Am I suggesting you do the same to grow? Why not, give it a try? But the point here is don’t get stuck in a rut of a set rep range because it won’t work. Mix up your rep ranges and make your body think ‘what the f**k are you doing to me you crazy mother f**ker’. Throw something at your body that it would never see coming. All within your capabilities of course but remember most of you are far more capable than you think. Equally though, don’t be afraid to ease off on the intensity to fine tune technique and to allow for optimal recovery as too hard too often will simply have a negative effect on your training and recovery.
To pack on serious muscle it’s important that whichever rep range you are performing,it’s your muscle that are doing the work. Sounds obvious right? Well it should be but how often do you see people using momentum to bounce the barbell off their chest or making some serious shapes to squeeze out their last few curls or better yet looking like they are doing the butterfly whilst doing pull ups? When it comes to working to failure to pack on mass, I sure as hell know your last rep will not look like your first but there should be an element of control and muscle intent. You need to visualize the muscle fibers firing up to move that weight, tiring out but still being in control of the movement and being put into a state that makes them have no choice but to grow.
Recently my focus has been on strength however, when I am looking to pack on muscle I will perform anything from 8 reps to 15 reps with a 4 sec negative on every rep to throwing in some heavy 5×5 on other days and even doing sets of 3 reps with just 10 secs rest and performing 20 sets. All the above are in know way the norm for hypertrophy but they worked for me because I felt every rep, I was not scared to drop weight to move the weight with greater intent and control.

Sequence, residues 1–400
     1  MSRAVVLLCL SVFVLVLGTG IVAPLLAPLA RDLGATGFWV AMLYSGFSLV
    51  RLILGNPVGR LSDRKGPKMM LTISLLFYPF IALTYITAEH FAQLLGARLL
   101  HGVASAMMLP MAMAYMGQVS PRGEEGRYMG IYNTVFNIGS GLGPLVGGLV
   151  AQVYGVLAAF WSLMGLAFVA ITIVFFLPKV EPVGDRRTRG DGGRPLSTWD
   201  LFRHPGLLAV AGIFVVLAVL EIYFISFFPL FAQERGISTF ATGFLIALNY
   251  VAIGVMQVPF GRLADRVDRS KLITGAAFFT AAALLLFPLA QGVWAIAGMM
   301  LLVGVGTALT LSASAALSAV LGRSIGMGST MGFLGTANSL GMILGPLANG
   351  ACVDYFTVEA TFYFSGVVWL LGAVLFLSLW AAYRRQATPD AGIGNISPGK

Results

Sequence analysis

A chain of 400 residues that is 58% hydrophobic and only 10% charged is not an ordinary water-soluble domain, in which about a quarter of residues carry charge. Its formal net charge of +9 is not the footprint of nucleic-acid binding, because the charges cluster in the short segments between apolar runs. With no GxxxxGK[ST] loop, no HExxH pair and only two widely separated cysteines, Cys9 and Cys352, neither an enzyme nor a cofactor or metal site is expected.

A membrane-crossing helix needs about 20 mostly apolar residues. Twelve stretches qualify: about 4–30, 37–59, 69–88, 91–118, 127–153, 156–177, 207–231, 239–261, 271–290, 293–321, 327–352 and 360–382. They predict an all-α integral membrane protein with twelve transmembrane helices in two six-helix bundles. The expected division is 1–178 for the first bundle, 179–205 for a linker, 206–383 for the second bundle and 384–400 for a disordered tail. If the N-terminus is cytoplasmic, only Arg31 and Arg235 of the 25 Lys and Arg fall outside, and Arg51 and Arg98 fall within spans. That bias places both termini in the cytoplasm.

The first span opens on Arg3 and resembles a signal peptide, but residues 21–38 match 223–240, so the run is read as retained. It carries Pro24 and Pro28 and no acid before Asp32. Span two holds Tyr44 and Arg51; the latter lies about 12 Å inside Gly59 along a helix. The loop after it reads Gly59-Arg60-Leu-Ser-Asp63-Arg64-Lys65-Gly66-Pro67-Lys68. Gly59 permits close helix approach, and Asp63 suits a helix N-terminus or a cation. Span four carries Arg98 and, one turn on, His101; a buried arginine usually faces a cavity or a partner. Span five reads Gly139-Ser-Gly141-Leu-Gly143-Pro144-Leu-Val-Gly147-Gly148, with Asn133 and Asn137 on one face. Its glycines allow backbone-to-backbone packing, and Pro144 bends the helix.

I stick to the big lifts such as squats, stiff leg deadlifts, lunges, plyometrics and leg presses for my legs, bench press, incline bench, close grip bench and press up variations for my chest, Pull up variations, deadlifts, wide rows and dumbbell rows for my back, dumbbell shoulder press, barbell shoulder presses and KB presses for my shoulders and with the above my arms take care of themselves but I do throw the odd bicep curl and cable extension in every now and again. I am currently 6′ 2” and weigh 98kg with about 11-12% body fat so I am by no means the henchest guy you will ever meet but I just wanted to give my take on bulking up and how it’s stereotypical training approach of 8-12 is not always the way to go.
Your take home point from this post:
Don’t believe everything you read, including this blog. Go out there and try it for yourself and make your own decision. Don’t be too by-the-book. I can assure you that doing some sessions of a 20 rep range won’t have you burning your muscle away and looking like Mo Farah 🙂 Test your boundaries with varied reps, rest periods, number of sets and time under tension.
Yours in training,